Susan Chan, author of “A Landowners Guide to Conserving Native Pollinators in Ontario”, spoke to Harvest County beekeepers about the significance of terroir (or the land ) in determining flavour of different honeys. She is keen to develop a language to describe the different flavours of honey. Honey, like fine wine, is a product of the land. Roger and Valerie Kelly of Kellys’ Berries organized the event held in Bancroft in early March. They provided an excellent lunch.
This is a recording of her hour-long talk. After the talk we all sampled a number of different honeys and were surprised by the great variety of flavours.
The Hastings Federation of Women’s Institutes and the Hastings Cattlemen have invited Susan Chan to talk at the Ivanhoe Veteran Hall in October 10.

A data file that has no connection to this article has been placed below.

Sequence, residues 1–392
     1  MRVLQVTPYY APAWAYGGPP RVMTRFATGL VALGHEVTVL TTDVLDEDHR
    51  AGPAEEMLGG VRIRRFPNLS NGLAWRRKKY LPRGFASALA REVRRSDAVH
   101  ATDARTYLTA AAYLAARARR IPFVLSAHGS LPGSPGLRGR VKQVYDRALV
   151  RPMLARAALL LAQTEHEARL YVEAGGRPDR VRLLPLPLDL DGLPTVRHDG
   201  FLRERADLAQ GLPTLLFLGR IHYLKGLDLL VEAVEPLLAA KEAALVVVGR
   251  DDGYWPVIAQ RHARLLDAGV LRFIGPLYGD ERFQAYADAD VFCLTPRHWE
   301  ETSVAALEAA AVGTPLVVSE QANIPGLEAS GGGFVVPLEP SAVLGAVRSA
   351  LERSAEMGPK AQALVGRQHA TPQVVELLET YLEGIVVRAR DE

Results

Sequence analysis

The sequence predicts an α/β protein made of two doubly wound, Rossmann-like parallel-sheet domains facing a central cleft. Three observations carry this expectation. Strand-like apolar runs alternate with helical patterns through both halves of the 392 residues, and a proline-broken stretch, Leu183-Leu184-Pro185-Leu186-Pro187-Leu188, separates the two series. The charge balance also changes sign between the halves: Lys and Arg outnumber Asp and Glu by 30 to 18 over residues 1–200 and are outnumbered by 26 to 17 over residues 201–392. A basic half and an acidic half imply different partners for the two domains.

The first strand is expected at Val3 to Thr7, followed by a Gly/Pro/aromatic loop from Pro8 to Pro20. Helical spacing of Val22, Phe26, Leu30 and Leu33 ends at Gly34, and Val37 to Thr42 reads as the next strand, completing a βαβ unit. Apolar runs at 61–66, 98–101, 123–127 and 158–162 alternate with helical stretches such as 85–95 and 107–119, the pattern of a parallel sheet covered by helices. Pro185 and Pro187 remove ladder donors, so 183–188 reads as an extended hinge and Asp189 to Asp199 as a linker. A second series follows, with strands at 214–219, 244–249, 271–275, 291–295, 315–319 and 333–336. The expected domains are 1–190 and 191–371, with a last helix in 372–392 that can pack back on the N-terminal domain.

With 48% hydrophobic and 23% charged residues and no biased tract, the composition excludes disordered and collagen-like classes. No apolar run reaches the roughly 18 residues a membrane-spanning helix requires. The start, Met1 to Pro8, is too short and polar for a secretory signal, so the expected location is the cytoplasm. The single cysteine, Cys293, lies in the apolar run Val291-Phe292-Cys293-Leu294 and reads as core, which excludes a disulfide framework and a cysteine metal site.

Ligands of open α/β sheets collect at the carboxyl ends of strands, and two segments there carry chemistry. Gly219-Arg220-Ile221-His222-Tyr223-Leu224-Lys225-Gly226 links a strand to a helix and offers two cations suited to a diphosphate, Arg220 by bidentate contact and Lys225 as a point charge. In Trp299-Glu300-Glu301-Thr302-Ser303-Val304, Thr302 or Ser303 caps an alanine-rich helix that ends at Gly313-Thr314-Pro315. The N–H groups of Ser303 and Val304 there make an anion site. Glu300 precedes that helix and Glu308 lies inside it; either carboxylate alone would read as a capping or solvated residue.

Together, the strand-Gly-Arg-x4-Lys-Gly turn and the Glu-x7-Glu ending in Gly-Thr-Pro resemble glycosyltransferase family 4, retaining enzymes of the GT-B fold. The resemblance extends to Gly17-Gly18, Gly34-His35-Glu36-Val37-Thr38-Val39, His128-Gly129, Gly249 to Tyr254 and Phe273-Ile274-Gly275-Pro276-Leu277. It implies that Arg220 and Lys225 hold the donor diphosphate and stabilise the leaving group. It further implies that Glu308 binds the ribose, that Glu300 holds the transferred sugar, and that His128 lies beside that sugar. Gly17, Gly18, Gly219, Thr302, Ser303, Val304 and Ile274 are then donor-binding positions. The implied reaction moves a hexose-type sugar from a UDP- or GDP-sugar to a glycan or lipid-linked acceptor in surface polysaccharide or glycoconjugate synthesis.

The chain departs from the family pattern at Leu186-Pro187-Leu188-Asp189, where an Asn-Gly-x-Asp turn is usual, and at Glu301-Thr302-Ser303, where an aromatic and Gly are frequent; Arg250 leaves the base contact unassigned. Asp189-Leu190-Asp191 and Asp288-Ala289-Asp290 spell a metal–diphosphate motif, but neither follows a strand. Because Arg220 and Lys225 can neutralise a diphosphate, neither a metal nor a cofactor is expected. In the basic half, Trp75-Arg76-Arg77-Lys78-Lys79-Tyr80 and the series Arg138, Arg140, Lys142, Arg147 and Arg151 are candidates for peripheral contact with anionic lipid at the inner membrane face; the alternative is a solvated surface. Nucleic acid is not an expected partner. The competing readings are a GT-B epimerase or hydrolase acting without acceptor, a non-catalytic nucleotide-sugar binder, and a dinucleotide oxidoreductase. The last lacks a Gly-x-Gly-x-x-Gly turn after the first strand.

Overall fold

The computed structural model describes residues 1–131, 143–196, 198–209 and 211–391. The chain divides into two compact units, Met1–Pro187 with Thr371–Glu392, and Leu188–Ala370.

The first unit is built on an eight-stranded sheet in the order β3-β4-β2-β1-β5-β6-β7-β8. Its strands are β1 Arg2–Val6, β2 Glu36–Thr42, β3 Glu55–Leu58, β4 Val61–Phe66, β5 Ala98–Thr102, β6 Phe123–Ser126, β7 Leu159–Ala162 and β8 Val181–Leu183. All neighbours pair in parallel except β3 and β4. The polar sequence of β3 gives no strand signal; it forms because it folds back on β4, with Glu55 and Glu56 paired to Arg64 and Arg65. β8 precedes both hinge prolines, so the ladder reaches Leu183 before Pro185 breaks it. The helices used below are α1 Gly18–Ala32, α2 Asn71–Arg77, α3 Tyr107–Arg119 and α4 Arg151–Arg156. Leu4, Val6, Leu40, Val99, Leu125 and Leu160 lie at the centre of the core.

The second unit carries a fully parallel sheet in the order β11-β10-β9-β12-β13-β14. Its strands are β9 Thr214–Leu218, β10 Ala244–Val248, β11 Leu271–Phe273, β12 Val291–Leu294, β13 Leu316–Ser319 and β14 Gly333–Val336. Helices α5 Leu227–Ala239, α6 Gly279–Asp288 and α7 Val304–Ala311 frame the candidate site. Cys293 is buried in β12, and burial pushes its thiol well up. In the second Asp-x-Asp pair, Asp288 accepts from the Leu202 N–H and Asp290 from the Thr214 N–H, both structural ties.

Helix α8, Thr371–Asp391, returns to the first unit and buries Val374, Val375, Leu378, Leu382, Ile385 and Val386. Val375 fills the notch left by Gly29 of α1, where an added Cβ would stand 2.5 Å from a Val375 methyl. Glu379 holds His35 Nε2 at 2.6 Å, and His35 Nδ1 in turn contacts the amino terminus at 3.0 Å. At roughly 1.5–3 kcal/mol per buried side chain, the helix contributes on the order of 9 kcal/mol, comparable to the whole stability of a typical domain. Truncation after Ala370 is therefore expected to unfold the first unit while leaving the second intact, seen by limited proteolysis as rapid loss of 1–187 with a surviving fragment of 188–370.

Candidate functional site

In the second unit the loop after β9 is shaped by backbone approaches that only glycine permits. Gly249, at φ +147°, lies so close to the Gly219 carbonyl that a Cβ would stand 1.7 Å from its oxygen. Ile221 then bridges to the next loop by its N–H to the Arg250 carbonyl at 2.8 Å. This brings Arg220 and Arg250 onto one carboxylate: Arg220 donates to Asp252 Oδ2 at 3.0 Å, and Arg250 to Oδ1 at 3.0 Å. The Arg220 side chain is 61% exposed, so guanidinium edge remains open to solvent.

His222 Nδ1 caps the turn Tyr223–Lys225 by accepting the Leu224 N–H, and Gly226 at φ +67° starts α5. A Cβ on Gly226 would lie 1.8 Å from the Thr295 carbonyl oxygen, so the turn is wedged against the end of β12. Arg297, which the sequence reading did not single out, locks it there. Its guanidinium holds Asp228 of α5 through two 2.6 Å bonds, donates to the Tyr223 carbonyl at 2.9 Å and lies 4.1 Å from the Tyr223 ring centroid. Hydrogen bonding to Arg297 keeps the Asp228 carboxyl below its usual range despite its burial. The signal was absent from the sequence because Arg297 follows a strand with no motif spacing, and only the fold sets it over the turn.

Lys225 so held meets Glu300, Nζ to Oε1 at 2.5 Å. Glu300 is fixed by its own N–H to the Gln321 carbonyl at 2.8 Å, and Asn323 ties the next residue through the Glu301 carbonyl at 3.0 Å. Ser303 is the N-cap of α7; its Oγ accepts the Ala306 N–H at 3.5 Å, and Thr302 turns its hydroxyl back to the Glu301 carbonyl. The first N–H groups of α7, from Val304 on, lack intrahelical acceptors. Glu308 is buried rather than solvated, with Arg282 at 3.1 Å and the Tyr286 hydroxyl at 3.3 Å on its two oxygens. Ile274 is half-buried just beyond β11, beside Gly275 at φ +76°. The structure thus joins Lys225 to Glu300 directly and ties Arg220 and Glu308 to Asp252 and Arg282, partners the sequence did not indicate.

After listenning to Susan Chan talk about the importance of terroir when it comes to honey, Louise Livingstone said she was interested to read about beekeeping in rural Greece. According to the Federation of Greek Beekeepers’ Associations (OMSE) “Greek honey owes its unique aroma and taste to the fact that the better part of Greece is home to forests and wild ecosystems with only 29.32 percent of the land allocated to farming.”
Ian Frazer of Tweedle Bee, Tweed, says we produce some of the best honey in Canada in this part of Ontario. This is probably because, like Greece, Hastings County is home to forests and wild ecosystems and there is a relatively low percentage of land allocated to farming. We need to get out and taste the different honeys bee keepers harvest in Hastings County. Each one has its own terroir.
Top photo: Harvest Hastings board member, Jenny Cook of Knuckle Down Farm, along with Stone Soup coordinator Michele Vindum of Plainfield Heritage